"It has been said all along that the hardest thing that ICANN is ever going to do is make a decision on the new TLDs. There's been nothing but fighting about it for five years," Roberts said after the hearing. He said his conclusion after the two hearings was the selection process could have been done better, but he added, "Does anybody want to start over? Does anybody want to turn it around? Nobody said that. I think everybody wants to move on and find out, is there a market for more unrestricted TLDs out there?"

Roberts characterized the election of new board members as a "traumatic learning experience," saying the board "will look real hard about how to do this better the next time." He also denied that ICANN was secretive, saying it complies "religiously" with all the legal requirements, has been audited and files public financial statements.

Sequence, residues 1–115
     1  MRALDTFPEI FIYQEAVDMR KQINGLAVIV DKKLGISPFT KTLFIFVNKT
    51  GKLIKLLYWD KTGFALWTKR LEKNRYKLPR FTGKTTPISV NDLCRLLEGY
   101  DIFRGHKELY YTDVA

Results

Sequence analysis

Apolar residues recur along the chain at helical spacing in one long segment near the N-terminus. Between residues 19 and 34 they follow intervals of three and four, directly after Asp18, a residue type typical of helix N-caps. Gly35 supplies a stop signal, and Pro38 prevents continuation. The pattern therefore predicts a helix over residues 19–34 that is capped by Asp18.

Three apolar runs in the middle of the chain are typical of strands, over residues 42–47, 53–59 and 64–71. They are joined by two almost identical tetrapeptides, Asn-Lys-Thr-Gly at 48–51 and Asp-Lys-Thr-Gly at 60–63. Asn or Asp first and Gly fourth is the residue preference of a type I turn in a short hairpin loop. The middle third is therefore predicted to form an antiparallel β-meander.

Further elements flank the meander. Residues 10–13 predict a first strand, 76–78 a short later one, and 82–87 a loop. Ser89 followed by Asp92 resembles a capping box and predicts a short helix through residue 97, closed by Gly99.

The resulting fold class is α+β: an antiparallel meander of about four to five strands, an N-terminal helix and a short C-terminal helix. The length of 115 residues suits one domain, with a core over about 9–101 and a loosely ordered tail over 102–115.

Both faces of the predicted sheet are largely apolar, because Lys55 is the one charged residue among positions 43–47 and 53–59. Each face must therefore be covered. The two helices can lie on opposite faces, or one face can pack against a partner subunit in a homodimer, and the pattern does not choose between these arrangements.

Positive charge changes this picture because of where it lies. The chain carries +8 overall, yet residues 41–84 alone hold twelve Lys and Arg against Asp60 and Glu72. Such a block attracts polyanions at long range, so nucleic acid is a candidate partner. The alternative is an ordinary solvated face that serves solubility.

Auerbach also suggested that Congress might have to act in the future to release ICANN from U.S. control and that could mean the U.S. will have to relinquish some sovereignty.

"I don't know the details of how we are going to achieve it... but I know we will need congressional help to do this," Auerbach said.

Roberts disagreed, however, saying he didn't believe it was appropriate for any country to have to consider relinquishing any national sovereignty.

"If the world evolves to the point where we can have a genuine transnational community of nations, if that time will arrive, ICANN absolutely wishes to stay out of that higher authority," he said.

ICANN, in Marina del Rey, California, can be reached at +1-310-823-9358, or http://www.icann.org/.